THE MOVEABLE SEAT: A REVELATION


Lively, enjoyable public spaces start with inviting places to sit. Movable chairs offer the option to sit in groups, in pairs, to fly solo, to follow the sun or shade.

Deserted plazas become flexible, accommodating, hospitable, thanks to the introduction of freestanding seats and tables. Places are transformed.

Harvard Yard, Harvard University, Massachusetts. In 2009 the space is a walkway for marching to your next class. The university decides to make it a gathering place where students can mix with the larger community, starting with movable furniture.

“The response was enormously positive,” say Lizabeth Cohen and Mohsen Mostafavi, professors and co-chairs of Harvard’s Steering Committee on Common Spaces.

“Overnight, a vibrant and diverse population was pausing to meet, chat, doze, study, eat, watch performers, or simply sit down.

“The chairs hosted everything from seminar meetings, to the visiting Nobel-laureate capturing a moment of public solitude, to a spontaneous game of musical chairs engaging 70 participants.”

Similar effects are found in Times Square in New York, the city’s Bryant Park in all seasons, and the well established Luxembourg Gardens in Paris. Movable experiments are now popping up in Australian cities too.

Why does movable furniture work so well? Respected urban theorist William H Whyte suggests people appreciate the power of choice.

“If you know you can move if you want to, you feel more comfortable staying put,” he says.

Whyte and his team of researchers studied how people use parks and plazas in New York City in the 1980s. They found that, given the option, people will almost always move a chair before they sit, often just a little and even if it doesn’t seem to accomplish anything.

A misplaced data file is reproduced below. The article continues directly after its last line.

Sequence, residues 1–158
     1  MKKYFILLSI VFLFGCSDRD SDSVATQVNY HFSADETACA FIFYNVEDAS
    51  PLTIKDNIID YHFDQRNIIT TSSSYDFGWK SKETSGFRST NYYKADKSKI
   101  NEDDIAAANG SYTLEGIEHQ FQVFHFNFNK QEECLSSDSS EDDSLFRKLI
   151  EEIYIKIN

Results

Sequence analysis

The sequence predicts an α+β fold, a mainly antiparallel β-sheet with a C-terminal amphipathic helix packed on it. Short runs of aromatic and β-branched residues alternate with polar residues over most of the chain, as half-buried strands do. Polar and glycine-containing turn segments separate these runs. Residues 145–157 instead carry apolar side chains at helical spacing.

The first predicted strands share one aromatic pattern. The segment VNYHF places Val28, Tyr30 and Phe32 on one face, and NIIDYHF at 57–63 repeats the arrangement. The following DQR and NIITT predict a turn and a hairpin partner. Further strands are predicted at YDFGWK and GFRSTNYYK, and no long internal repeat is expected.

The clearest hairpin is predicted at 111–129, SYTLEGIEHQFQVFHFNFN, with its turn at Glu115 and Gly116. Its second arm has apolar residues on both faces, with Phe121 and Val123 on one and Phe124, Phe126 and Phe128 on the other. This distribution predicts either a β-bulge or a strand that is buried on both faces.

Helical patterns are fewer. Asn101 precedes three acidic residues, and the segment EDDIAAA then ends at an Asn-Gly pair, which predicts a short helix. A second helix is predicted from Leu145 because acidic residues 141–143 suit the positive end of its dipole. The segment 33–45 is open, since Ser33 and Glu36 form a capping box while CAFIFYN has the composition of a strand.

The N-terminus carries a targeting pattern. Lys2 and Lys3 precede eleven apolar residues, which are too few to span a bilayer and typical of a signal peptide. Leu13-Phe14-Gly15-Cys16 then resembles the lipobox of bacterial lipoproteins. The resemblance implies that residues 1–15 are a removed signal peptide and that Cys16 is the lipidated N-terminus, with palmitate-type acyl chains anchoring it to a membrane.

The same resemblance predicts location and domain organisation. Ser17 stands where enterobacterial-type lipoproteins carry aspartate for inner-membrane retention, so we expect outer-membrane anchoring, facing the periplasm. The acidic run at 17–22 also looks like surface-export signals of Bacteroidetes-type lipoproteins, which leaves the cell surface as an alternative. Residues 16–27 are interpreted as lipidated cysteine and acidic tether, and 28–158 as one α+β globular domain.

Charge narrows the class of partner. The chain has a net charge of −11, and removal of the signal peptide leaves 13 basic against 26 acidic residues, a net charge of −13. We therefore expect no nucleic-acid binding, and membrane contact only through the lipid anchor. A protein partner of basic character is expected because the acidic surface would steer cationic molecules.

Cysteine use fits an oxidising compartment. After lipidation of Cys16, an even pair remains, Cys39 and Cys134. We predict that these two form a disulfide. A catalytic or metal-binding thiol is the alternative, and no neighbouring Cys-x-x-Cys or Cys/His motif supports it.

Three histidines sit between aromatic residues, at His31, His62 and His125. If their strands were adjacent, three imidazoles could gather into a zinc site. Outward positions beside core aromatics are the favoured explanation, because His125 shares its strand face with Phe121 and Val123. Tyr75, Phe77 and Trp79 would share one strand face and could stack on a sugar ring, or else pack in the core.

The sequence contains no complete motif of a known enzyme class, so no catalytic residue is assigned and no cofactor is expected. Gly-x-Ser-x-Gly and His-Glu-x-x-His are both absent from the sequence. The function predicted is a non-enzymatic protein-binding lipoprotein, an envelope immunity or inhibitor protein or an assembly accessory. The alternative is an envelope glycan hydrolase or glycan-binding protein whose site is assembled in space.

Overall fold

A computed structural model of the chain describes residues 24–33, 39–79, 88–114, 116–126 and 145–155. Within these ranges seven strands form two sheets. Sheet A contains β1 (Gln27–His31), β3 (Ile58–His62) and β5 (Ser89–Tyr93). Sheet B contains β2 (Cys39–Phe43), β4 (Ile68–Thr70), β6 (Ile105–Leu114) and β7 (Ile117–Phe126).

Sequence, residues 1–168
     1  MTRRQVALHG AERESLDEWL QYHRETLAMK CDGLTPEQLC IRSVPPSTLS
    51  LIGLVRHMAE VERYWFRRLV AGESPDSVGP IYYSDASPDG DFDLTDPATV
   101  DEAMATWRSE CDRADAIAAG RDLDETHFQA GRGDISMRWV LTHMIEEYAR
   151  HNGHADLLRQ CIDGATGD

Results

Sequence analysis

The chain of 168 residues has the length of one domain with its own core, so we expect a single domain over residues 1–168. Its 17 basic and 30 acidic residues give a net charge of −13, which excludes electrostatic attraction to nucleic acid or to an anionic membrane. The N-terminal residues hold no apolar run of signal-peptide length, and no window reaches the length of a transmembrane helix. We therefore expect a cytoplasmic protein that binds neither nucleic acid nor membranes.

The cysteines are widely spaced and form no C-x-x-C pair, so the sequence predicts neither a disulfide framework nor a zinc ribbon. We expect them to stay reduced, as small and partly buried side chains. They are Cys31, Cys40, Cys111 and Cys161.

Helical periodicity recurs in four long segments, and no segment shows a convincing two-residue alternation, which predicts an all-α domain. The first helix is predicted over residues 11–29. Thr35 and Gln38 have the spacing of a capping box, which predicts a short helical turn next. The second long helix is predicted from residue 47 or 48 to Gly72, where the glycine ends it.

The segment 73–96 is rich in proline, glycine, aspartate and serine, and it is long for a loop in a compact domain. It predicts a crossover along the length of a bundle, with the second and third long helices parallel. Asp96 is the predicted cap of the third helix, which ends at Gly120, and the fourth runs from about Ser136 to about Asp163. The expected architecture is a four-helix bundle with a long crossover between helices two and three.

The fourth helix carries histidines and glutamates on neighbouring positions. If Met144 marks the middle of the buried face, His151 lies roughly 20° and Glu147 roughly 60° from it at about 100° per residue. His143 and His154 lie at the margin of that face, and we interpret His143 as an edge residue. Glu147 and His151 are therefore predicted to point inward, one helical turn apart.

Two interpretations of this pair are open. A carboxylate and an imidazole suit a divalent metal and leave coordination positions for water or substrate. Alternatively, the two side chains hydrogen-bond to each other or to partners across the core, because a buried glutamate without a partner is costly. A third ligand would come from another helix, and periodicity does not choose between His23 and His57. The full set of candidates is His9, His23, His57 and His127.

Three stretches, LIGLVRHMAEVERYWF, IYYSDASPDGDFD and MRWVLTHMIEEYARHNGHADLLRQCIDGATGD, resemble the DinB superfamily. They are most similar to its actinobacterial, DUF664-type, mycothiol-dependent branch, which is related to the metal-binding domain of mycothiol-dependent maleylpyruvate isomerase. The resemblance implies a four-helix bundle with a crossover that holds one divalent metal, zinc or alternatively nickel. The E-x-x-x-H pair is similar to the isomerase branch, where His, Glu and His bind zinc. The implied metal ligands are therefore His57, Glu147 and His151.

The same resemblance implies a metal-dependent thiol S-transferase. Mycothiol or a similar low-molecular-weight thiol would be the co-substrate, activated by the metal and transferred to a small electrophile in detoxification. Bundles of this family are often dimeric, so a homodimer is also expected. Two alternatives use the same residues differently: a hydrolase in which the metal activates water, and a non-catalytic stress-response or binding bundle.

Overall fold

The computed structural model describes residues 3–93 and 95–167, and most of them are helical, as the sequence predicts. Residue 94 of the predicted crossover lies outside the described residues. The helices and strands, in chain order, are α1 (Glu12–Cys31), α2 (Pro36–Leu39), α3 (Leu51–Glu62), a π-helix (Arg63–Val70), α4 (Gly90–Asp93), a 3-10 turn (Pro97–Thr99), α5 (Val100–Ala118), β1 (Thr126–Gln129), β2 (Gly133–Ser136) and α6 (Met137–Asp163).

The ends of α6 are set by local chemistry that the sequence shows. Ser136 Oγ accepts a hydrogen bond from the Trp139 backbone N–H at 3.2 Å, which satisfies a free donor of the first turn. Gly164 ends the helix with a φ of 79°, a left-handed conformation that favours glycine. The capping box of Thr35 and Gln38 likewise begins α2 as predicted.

Perhaps it is a sense of control, of ownership over the seat, that draws people to move it, mused Whyte. You move it an inch forward and sit down and that chair becomes yours.

Do movable seats ‘walk’? Caretakers report that sometimes, yes they do, but losses tend to be minimal, particularly weighed against the value the seats bring to the space, the people they attract. Bryant Park loses just a few of its hundreds of movable chairs a year, and each chair is far less expensive than a fixed bench.

Risk can be mitigated by the level of pedestrian traffic in the area, businesses that also use the space and so become custodians, onsite supervision, overnight security and the weight of the seats. Installing tracking chips is another measure.

Weighed up against the enjoyment the movable furniture brings and the crowds it attracts, the balance is often deemed worth it.

As the populations in our cities grow and urban citizens expect higher quality amenities on their doorsteps, caretakers are investing in public spaces to attract and retain talent and in turn invigorate the economy.

Australians have always celebrated outdoor living, and as our backyards are shrinking public parks are becoming more agile, multi-functional spaces to bring better quality of life and give communities a chance to grow.

The new Forum Seat is designed as a hybrid between a patio and street furniture product, available as fixed or movable to provide the power of choice.

As William Whyte says, “One felicity leads to another. Good places tend to be all of a piece – and the reason can almost always be traced to a human being.”

Whether your felicity is people-watching, being part of the flock, or seeking peace and quiet in a perfect corner, movable seats build flexibility and comfort into a space. It’s your seat, your move.

For more information visit www.streetfurniture.com



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